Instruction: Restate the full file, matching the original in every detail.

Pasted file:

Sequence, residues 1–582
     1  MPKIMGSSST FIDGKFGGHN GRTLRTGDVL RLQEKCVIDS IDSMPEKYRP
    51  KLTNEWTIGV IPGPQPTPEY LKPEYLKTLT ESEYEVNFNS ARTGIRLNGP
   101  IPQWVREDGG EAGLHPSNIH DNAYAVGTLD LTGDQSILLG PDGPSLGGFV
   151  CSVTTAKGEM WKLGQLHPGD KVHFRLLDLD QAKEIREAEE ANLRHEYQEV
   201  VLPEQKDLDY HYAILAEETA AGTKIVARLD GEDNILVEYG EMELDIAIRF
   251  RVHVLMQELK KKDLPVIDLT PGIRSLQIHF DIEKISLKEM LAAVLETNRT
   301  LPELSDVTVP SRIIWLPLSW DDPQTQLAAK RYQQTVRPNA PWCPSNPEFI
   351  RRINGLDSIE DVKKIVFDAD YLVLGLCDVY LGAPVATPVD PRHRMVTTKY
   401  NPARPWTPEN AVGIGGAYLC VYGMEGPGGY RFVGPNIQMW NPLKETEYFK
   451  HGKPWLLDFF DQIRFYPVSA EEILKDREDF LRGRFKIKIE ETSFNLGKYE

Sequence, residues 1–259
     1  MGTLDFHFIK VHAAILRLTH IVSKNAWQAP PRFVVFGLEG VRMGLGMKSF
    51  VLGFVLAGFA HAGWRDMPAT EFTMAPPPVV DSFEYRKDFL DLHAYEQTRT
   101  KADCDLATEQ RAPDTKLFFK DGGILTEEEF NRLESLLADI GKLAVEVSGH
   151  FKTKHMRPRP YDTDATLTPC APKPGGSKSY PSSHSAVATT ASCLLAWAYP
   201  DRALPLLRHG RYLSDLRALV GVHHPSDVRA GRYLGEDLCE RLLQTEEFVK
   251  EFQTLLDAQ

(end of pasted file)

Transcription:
Sequence, residues 1–582
     1  MPKIMGSSST FIDGKFGGHN GRTLRTGDVL RLQEKCVIDS IDSMPEKYRP
    51  KLTNEWTIGV IPGPQPTPEY LKPEYLKTLT ESEYEVNFNS ARTGIRLNGP
   101  IPQWVREDGG EAGLHPSNIH DNAYAVGTLD LTGDQSILLG PDGPSLGGFV
   151  CSVTTAKGEM WKLGQLHPGD KVHFRLLDLD QAKEIREAEE ANLRHEYQEV
   201  VLPEQKDLDY HYAILAEETA AGTKIVARLD GEDNILVEYG EMELDIAIRF
   251  RVHVLMQELK KKDLPVIDLT PGIRSLQIHF DIEKISLKEM LAAVLETNRT
   301  LPELSDVTVP SRIIWLPLSW DDPQTQLAAK RYQQTVRPNA PWCPSNPEFI
   351  RRINGLDSIE DVKKIVFDAD YLVLGLCDVY LGAPVATPVD PRHRMVTTKY
   401  NPARPWTPEN AVGIGGAYLC VYGMEGPGGY RFVGPNIQMW NPLKETEYFK
   451  HGKPWLLDFF DQIRFYPVSA EEILKDREDF LRGRFKIKIE ETSFNLGKYE

Sequence, residues 1–259
     1  MGTLDFHFIK VHAAILRLTH IVSKNAWQAP PRFVVFGLEG VRMGLGMKSF
    51  VLGFVLAGFA HAGWRDMPAT EFTMAPPPVV DSFEYRKDFL DLHAYEQTRT
   101  KADCDLATEQ RAPDTKLFFK DGGILTEEEF NRLESLLADI GKLAVEVSGH
   151  FKTKHMRPRP YDTDATLTPC APKPGGSKSY PSSHSAVATT ASCLLAWAYP
   201  DRALPLLRHG RYLSDLRALV GVHHPSDVRA GRYLGEDLCE RLLQTEEFVK
   251  EFQTLLDAQ